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The Canadian dollar weakened to a near two-week low against the greenback on Wednesday as expectations rose that the Bank of Canada would cut interest rates after the central bank expressed greater concern about global trade uncertainty.

Canada’s central bank held interest rates steady at 1.75 per cent as expected but left the door open to a possible cut over the coming months to help the economy weather the damaging effects of global trade conflicts.

“The loonie has sold off post-statement due to the fact that the BoC is beginning to witness the effects of external headwinds on the Canadian economy,” said Simon Harvey, FX market analyst for Monex Europe and Monex Canada.

The central bank’s “dovish stance” raises expectations for policy easing, “especially if the economic data and external climate deteriorates further,” Harvey said.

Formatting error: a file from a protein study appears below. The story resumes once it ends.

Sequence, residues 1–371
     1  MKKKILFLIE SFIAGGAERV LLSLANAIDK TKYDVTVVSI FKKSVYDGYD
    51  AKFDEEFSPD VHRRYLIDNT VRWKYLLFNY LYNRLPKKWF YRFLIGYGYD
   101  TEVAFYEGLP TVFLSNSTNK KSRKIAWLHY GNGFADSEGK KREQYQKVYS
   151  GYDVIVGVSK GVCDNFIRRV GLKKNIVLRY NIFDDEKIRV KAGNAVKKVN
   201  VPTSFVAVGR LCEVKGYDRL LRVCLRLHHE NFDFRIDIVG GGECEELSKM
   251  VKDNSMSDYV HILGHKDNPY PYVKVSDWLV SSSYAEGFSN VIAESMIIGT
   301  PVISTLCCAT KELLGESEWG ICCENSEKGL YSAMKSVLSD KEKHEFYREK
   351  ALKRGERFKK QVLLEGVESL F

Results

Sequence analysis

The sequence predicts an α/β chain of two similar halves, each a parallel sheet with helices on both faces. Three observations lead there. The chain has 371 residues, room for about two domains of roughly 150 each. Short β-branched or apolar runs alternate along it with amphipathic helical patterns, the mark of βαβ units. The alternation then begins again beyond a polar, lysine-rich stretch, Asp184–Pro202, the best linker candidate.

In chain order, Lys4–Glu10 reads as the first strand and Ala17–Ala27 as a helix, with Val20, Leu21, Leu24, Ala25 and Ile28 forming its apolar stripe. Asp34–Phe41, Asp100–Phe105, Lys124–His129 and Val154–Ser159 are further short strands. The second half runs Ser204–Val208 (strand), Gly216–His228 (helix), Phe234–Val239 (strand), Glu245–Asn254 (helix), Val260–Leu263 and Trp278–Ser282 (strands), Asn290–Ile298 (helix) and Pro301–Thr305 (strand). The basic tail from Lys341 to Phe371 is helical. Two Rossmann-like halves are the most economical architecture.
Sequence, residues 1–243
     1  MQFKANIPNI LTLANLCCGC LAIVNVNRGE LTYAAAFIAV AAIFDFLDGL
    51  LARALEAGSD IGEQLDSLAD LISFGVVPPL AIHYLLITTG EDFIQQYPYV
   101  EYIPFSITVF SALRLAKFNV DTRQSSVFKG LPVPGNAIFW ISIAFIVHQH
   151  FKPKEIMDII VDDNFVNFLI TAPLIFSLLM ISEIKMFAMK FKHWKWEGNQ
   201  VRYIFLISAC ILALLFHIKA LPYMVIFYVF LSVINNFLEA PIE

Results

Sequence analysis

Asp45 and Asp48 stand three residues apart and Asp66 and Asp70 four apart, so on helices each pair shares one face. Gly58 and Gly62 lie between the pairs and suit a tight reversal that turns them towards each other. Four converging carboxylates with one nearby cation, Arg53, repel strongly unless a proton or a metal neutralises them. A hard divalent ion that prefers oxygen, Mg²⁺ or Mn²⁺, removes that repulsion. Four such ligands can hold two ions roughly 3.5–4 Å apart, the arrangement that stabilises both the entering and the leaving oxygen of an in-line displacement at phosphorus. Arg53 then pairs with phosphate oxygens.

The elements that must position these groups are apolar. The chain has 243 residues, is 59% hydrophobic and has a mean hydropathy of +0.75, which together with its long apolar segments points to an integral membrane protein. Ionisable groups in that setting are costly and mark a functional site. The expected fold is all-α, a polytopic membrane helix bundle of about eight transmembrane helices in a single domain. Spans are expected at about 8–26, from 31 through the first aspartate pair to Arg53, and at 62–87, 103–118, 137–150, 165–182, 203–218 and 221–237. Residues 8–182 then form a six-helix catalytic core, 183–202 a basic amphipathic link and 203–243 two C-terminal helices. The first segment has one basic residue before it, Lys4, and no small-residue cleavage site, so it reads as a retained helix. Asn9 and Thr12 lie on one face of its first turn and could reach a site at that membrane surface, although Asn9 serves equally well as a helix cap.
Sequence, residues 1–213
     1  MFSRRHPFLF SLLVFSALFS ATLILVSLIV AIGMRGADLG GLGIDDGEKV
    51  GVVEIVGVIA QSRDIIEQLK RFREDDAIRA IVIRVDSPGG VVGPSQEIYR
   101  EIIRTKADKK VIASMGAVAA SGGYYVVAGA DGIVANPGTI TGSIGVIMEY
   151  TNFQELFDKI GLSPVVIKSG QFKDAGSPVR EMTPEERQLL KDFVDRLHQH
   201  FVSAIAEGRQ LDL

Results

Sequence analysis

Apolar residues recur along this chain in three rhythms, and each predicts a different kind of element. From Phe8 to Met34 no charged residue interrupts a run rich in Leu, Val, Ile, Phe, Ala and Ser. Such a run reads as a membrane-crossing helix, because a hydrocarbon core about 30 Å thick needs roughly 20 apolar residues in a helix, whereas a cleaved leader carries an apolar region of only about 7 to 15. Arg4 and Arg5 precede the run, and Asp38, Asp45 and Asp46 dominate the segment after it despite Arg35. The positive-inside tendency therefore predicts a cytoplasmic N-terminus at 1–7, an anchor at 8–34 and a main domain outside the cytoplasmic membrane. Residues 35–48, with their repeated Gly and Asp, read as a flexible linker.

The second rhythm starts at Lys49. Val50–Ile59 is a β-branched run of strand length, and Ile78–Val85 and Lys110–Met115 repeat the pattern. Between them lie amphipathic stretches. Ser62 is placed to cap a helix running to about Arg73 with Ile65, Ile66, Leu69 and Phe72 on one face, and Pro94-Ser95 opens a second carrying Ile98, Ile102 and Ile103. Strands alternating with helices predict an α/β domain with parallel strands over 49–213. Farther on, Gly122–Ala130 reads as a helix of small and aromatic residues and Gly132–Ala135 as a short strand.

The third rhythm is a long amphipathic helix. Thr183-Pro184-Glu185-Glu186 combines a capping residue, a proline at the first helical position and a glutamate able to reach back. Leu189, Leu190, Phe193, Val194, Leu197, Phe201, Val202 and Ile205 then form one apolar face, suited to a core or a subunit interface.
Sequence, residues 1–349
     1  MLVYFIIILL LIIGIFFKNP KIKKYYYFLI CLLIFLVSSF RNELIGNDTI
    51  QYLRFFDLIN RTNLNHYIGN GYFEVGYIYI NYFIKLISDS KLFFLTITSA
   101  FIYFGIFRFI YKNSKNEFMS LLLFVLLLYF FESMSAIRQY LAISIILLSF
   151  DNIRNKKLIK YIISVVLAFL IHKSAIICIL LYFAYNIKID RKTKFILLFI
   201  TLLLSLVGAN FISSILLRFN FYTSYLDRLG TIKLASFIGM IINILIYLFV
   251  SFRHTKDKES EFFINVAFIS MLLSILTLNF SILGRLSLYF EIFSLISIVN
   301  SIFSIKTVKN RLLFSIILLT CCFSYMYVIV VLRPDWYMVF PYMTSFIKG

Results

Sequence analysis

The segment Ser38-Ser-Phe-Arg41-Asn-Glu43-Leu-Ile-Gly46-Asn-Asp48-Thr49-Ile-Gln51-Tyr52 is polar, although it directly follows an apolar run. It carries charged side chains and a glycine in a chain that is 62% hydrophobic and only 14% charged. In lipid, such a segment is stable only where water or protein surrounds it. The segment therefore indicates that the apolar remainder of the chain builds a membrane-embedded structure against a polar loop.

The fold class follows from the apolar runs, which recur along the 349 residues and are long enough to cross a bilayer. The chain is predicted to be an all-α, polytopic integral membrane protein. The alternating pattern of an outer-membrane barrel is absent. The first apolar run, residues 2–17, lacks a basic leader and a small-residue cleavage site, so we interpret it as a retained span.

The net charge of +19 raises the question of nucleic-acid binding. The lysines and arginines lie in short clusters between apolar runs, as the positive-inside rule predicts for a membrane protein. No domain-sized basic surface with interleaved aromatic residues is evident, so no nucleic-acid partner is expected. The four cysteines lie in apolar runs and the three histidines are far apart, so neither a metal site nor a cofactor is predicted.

Money markets moved to fully price in a rate cut as early as July. Before the announcement, chances of a cut next year were seen at less than 50 per cent.

At 4:51 p.m. (2051 GMT), the Canadian dollar was trading 0.5 per cent lower at 1.3158 to the greenback, or 76.00 U.S. cents. The currency touched its weakest intraday level since Oct. 17 at 1.3210.

The U.S. dollar fell against a basket of major currencies after the Federal Reserve eased for the third time since July but signaled no more reductions ahead.

The Fed’s latest cut lowered the range for its policy rate to below the Bank of Canada’s equivalent rate for the first time since December 2016.

U.S. crude oil futures settled 0.9 per cent lower at $55.06 a barrel after a steep U.S. crude inventory build added to worries about a possible delay in resolving the U.S.-China trade war, which has hurt global oil demand.

Canadian government bond prices were higher across the yield curve, with the two-year up 29 Canadian cents to yield 1.558 per cent and the 10-year rising 138 Canadian cents to yield 1.452 per cent.

On Monday, the 10-year yield touched its highest intraday level since July 16 at 1.628 per cent.

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